He who does not turn to Christ in repentance and faith is the one who is condemned. God has extended his saving hand out to him to save him from certain death, and he has freely rejected it and so is lost. It was his own decision to refuse the salvation that God offered him. Salvation only comes to us through faith in Christ, because of the work of reparation that he has done for us on the cross. As Christians, we work together with Christ as his ambassadors to call people to repentance and reconciliation with God (2 Corinthians 5:20). We should not condemn them in the sense of completely writing them off. We should try to preach to them and share our faith with them to save them.

We can help people to repent and believe in Christ by preaching the law to them, for the moral law (the Ten Commandments) is the pedagogue that leads us to Christ (Galatians 3:24). That is the purpose of the moral law. It reveals our sinfulness to us and thereby brings us to repent in sorrow for our sins and then to turn to Christ with open arms so that the reparation that he made on the cross for our sins might be credited to us and God might therefore declare us righteous, just, and holy.

We need to do this for ourselves to be born again in Christ, and we need to do it anew every time we fall into a new sin.

Then, made new and strong by Christ, we can be his ambassadors to call others to repentance and faith for their justification and salvation. "So we are ambassadors for Christ, God making his appeal through us. We beseech you on behalf of Christ, be reconciled to God" (2 Corinthians 5:20). We should not be hypocrites, condemning others before we ourselves repent. But when we repent of our sins, we will and should want to help others too to be saved from their sins that alienate them from God and will send them to hell forever when they die if they do not repent in time, reform their life, and call upon the merits of Christ's death to justify them. Those who repent and believe will be saved. Those who refuse to repent and believe will be lost.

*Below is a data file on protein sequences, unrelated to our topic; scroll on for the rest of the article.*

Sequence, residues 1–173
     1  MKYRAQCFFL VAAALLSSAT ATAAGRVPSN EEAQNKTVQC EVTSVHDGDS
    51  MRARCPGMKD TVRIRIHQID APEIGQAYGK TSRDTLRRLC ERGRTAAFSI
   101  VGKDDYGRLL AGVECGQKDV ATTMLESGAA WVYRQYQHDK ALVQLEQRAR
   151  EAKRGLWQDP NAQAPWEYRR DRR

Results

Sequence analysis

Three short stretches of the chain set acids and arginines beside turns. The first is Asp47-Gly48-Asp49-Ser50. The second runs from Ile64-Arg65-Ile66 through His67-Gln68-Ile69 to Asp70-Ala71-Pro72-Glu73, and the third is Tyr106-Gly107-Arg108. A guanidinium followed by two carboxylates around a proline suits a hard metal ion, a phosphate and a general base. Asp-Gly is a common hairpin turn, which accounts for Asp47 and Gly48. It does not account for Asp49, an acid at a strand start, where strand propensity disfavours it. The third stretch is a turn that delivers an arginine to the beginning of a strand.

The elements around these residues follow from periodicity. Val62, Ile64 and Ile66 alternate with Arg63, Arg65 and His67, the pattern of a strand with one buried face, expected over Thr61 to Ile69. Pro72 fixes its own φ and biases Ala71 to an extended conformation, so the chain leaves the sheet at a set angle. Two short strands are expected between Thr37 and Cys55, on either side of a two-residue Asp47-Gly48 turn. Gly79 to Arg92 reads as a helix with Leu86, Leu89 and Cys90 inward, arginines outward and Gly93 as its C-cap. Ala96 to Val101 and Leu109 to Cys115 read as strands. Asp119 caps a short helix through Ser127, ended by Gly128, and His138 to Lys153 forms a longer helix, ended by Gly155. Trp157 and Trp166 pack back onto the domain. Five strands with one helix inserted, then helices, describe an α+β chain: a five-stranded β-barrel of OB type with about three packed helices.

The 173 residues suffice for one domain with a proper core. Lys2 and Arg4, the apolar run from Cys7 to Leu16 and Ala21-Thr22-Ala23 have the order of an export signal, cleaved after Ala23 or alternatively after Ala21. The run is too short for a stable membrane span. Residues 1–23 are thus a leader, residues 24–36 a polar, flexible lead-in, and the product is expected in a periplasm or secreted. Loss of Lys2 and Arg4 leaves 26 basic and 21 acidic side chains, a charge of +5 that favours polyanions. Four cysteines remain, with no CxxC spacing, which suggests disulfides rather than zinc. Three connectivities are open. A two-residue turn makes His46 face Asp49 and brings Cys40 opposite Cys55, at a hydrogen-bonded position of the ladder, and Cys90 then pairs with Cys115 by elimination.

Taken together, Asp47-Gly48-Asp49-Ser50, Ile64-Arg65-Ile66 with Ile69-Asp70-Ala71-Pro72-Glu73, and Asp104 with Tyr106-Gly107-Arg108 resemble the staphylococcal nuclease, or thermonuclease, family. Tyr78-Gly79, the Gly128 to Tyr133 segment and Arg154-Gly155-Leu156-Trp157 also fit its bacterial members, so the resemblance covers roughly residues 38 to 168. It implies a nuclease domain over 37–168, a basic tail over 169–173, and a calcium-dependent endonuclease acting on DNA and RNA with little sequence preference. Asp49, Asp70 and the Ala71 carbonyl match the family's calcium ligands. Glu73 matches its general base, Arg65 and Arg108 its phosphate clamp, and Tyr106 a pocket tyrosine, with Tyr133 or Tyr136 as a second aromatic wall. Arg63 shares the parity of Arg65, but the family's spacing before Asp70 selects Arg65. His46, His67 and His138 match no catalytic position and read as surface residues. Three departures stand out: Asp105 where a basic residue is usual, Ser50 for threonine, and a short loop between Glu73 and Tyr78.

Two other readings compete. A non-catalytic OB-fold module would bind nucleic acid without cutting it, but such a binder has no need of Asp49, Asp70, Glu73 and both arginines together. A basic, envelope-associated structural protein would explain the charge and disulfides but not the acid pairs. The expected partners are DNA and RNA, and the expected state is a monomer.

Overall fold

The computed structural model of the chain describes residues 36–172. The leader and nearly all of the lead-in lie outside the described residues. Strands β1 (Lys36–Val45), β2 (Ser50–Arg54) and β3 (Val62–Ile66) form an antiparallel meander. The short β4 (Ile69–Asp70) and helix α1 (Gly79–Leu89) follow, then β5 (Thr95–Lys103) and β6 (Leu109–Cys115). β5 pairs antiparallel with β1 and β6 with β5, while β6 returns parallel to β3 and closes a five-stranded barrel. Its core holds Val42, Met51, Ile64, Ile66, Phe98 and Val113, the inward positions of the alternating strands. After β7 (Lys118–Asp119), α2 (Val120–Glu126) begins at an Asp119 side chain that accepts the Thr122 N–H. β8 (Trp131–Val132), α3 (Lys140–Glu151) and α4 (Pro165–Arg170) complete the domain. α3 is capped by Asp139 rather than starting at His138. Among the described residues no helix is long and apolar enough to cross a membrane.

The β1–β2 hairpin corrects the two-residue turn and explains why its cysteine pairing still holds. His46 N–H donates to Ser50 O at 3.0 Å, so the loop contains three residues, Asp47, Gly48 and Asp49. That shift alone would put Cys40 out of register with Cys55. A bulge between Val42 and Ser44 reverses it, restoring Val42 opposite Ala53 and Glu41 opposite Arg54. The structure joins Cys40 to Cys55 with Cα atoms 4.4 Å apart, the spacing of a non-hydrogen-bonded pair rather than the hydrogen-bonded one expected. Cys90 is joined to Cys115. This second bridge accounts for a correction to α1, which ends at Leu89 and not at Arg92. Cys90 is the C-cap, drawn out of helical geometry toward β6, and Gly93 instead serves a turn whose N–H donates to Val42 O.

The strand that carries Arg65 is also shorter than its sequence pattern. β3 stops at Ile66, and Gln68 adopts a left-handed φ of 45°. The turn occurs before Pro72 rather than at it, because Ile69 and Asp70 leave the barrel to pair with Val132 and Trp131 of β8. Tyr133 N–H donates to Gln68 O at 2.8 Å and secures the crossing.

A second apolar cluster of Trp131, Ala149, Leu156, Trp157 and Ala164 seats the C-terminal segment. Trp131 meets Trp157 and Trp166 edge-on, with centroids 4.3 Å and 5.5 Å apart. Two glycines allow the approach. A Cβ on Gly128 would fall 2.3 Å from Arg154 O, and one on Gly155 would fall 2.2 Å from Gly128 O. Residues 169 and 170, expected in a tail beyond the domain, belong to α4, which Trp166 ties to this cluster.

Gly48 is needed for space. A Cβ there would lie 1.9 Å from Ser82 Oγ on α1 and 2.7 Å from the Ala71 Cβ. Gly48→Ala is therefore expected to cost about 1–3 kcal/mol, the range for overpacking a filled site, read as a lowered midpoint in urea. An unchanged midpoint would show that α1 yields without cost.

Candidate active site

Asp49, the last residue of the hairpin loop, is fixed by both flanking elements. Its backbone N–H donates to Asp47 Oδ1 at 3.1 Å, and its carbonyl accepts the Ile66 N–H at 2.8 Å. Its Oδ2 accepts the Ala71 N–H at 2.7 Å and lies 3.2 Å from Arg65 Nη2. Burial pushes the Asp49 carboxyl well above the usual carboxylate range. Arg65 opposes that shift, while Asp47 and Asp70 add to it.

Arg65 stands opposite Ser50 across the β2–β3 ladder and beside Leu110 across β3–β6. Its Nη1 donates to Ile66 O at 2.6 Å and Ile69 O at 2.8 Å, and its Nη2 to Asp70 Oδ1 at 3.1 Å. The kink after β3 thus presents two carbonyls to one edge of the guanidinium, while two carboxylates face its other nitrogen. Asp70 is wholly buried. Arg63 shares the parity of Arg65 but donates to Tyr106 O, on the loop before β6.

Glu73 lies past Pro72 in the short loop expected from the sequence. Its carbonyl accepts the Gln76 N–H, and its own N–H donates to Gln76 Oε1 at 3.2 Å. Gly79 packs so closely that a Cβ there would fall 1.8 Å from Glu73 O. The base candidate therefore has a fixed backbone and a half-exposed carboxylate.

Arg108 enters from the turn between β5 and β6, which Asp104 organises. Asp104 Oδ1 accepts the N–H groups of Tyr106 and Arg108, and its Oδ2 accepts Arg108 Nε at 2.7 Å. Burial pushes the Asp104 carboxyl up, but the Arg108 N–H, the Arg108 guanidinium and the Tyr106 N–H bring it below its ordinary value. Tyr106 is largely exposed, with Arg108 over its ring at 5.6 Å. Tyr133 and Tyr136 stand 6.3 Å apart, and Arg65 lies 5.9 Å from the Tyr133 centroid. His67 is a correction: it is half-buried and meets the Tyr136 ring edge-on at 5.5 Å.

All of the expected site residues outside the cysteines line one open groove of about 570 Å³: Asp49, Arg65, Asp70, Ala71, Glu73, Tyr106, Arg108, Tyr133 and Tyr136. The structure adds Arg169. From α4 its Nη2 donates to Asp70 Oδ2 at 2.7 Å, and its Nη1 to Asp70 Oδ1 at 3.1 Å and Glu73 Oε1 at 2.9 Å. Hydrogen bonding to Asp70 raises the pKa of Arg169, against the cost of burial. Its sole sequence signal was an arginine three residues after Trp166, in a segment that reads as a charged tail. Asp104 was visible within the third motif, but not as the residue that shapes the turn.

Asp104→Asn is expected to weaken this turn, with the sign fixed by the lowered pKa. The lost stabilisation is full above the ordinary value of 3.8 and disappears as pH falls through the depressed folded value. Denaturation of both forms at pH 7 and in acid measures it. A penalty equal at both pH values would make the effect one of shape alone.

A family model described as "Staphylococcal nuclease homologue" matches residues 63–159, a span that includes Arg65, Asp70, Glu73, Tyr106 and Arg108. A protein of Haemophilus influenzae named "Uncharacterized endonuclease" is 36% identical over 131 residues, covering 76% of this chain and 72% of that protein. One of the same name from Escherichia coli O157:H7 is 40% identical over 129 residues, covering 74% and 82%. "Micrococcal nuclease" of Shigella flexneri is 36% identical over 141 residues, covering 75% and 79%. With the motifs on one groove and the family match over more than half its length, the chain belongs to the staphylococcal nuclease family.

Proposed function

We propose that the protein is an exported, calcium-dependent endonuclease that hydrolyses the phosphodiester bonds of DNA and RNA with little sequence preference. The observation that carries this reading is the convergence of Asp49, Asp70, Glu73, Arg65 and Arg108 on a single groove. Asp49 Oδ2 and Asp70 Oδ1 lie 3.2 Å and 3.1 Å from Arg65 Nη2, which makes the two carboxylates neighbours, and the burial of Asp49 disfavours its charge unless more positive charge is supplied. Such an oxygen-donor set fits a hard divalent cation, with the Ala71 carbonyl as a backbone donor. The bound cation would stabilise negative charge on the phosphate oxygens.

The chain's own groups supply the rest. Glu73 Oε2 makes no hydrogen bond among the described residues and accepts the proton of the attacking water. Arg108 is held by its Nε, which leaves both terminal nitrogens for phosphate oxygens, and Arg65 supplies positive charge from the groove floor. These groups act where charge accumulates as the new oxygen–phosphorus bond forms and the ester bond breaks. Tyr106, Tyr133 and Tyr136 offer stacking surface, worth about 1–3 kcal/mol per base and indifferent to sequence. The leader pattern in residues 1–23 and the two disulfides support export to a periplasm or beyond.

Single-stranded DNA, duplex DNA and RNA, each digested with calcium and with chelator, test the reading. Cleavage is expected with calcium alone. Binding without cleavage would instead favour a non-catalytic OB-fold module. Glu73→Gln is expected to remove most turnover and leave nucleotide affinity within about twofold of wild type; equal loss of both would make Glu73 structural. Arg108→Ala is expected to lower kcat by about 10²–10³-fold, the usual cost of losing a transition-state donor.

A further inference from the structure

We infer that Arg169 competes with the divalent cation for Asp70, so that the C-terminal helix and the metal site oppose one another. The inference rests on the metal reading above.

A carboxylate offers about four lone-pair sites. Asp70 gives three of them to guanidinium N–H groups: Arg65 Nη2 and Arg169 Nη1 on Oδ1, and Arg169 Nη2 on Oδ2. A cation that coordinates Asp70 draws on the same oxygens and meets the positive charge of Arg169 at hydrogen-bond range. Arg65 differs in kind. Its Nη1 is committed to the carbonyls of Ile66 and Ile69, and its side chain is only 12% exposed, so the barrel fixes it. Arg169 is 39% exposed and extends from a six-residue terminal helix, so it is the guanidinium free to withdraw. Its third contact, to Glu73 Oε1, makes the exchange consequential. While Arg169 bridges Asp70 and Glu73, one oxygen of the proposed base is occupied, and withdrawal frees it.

"He who believes in him is not condemned; he who does not believe is condemned already, because he has not believed in the name of the only Son of God" (John 3:18). "He who believes in the Son has eternal life; he who does not obey the Son shall not see life, but the wrath of God rests upon him" (John 3:36). "Go into all the world and preach the gospel to the whole creation. He who believes and is baptized will be saved; he who does not believe will be condemned" (Mark 16:15-16). "God gave us eternal life, and this life is in his Son. He who has the Son has life; he who has not the Son of God has not life" (1 John 5:11-12).

So while we cannot help making judgments about other people when we observe what they say and do, we must make a real effort to always maintain hope for their repentance, faith, and salvation. We can continue preaching to them, sharing our faith with them, trying to help them, acting as Christ's ambassadors to them. "So we are ambassadors for Christ, God making his appeal through us. We beseech you on behalf of Christ, be reconciled to God" (2 Corinthians 5:20). As long as they are alive, they still have time to repent, believe, and be saved. No one is cut off from the chance of being saved as long as there is still life in him. So we must struggle to resist the temptation to condemn people while they are still alive.